In August 2022, the United States Office of Science and Technology Policy (OSTP) issued a memo (PDF) on ensuring free, immediate, and equitable access to federally funded research (a.k.a. the “Nelson memo”). Crossref is particularly interested in and relevant for the areas of this guidance that cover metadata and persistent identifiers—and the infrastructure and services that make them useful.
Funding bodies worldwide are increasingly involved in research infrastructure for dissemination and discovery.
Preprints have become an important tool for rapidly communicating and iterating on research outputs. There is now a range of preprint servers, some subject-specific, some based on a particular geographical area, and others linked to publishers or individual journals in addition to generalist platforms. In 2016 the Crossref schema started to support preprints and since then the number of metadata records has grown to around 16,000 new preprint DOIs per month.
TL;DR One of the things that makes me glad to work at Crossref is the principles to which we hold ourselves, and the most public and measurable of those must be the Principles of Open Scholarly Infrastructure, or POSI, for short. These ambitions lay out how we want to operate - to be open in our governance, in our membership and also in our source code and data. And it’s that openness of source code that’s the reason for my post today - on 26th September 2022, our first collaboration with the JSON Forms open-source project was released into the wild.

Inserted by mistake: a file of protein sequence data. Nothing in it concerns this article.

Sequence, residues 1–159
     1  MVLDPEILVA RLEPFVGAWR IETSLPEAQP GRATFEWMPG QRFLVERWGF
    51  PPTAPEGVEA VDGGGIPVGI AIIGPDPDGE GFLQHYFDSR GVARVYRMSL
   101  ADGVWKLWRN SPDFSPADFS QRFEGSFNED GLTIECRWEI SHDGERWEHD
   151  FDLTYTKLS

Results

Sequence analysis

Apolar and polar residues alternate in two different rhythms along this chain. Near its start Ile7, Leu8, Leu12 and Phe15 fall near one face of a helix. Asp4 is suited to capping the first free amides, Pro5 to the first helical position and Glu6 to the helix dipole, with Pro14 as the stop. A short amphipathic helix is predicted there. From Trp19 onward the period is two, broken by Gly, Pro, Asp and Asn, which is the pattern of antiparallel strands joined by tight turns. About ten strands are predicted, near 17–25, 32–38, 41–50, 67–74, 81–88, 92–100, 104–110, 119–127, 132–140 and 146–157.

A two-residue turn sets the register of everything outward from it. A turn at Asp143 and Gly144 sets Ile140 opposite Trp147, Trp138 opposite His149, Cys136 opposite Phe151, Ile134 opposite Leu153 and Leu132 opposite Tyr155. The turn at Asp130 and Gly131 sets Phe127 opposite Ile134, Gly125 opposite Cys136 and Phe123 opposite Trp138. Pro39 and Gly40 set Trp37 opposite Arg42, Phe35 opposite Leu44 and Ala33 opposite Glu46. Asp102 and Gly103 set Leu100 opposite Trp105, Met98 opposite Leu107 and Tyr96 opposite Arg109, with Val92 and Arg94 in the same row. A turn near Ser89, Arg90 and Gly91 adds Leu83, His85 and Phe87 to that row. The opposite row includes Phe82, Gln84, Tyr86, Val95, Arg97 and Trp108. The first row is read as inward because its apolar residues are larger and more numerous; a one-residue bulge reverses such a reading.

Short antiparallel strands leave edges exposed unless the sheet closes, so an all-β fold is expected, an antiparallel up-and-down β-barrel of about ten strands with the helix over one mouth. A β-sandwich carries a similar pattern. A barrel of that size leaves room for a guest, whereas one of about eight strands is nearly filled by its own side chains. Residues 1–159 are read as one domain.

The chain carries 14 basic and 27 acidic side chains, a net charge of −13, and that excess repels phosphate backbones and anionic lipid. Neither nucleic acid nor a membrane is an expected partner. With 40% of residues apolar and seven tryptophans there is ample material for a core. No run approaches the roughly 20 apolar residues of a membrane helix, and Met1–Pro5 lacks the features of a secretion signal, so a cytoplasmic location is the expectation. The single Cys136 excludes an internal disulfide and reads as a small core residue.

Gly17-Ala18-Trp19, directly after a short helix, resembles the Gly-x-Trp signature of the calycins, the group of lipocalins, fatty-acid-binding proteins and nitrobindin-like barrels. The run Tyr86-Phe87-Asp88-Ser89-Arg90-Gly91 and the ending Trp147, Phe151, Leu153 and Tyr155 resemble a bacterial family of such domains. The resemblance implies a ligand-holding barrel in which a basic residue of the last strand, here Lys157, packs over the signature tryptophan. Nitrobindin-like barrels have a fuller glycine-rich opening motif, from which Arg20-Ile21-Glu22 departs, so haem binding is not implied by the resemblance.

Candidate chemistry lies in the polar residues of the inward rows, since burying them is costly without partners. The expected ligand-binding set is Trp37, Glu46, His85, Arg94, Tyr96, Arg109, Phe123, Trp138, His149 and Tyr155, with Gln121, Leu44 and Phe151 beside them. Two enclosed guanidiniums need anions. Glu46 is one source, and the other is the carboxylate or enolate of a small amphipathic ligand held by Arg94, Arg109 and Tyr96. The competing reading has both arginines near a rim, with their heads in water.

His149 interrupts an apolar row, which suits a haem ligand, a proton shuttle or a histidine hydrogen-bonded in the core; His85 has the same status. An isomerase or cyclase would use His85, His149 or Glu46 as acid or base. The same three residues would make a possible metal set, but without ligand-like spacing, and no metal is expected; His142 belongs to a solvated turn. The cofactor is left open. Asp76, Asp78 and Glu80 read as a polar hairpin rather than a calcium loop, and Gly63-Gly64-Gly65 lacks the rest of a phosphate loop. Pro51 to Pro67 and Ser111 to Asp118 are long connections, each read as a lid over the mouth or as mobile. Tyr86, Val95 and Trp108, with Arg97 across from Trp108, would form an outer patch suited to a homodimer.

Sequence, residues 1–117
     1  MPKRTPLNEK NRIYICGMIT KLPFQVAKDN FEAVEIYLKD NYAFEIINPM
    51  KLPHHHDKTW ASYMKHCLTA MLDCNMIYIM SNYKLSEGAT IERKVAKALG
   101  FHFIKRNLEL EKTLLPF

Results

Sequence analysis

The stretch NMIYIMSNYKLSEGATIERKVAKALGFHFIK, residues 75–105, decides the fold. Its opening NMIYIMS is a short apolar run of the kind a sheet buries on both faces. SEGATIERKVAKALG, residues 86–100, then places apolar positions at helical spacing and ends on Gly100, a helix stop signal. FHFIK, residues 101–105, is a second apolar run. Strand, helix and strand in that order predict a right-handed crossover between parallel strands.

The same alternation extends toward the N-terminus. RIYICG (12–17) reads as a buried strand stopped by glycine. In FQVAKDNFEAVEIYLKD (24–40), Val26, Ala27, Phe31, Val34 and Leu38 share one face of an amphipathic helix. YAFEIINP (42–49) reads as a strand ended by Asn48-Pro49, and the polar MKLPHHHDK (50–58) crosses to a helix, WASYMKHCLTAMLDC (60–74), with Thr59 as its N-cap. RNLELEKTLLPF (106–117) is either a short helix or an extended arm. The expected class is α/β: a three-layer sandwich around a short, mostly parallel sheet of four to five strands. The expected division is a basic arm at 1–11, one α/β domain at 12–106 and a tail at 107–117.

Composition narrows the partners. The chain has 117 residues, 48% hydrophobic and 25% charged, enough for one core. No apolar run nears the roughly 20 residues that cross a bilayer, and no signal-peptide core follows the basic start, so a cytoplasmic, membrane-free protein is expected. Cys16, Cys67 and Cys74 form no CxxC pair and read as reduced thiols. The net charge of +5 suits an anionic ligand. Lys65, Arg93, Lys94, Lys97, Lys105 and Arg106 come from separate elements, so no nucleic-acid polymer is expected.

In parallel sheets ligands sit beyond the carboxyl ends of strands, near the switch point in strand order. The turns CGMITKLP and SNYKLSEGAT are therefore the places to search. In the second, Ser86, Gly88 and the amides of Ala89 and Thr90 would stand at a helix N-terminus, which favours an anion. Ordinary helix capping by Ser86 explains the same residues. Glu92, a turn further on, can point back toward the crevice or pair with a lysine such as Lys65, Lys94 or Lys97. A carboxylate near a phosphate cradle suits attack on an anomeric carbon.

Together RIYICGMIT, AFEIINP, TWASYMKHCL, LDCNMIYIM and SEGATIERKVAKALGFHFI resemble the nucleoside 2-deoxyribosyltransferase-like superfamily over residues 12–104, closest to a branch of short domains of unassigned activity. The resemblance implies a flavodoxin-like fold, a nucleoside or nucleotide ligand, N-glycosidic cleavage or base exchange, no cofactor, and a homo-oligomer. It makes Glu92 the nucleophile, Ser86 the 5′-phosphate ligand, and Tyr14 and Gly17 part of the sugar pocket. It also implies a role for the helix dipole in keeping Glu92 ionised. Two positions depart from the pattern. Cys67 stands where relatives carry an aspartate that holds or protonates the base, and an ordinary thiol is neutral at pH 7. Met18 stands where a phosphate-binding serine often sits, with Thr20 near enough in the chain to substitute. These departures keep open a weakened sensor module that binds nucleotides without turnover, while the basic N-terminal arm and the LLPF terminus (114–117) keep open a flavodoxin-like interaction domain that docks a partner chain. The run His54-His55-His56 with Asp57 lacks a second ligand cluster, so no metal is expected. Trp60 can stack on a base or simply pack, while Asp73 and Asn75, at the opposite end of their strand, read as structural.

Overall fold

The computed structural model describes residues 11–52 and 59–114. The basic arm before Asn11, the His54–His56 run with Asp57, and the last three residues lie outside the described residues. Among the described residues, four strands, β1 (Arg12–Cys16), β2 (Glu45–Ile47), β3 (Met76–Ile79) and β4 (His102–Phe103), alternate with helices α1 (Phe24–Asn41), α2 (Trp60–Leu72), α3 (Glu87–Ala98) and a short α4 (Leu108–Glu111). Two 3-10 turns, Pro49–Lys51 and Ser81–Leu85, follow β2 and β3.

Ans: metadata and services are all underpinned by POSI.
Leading into a blog post with a question always makes my brain jump ahead to answer that question with the simplest answer possible. I was a nightmare English Literature student. ‘Was Macbeth purely a villain?’ ‘No’. *leaves exam*
Just like not giving one-word answers to exam questions, playing our role in the integrity of the scholarly record and helping our members enhance theirs takes thought, explanation, transparency, and work.
We test a broad sample of DOIs to ensure resolution. For each journal crawled, a sample of DOIs that equals 5% of the total DOIs for the journal up to a maximum of 50 DOIs is selected. The selected DOIs span prefixes and issues.
The results are recorded in crawler reports, which you can access from the depositor report expanded view. If a title has been crawled, the last crawl date is shown in the appropriate column. Crawled DOIs that generate errors will appear as a bold link:
Click Last Crawl Date to view a crawler status report for a title:
The crawler status report lists the following:
Total DOIs: Total number of DOI names for the title in system on last crawl date
Checked: number of DOIs crawled
Confirmed: crawler found both DOI and article title on landing page
Semi-confirmed: crawler found either the DOI or the article title on the landing page
Not Confirmed: crawler did not find DOI nor article title on landing page
Bad: page contains known phrases indicating article is not available (for example, article not found, no longer available)
Login Page: crawler is prompted to log in, no article title or DOI
Exception: indicates error in crawler code
httpCode: resolution attempt results in error (such as 400, 403, 404, 500)
httpFailure: http server connection failed
Select each number to view details. Select re-crawl and enter an email address to crawl again.
Page owner: Isaac Farley | Last updated 2020-April-08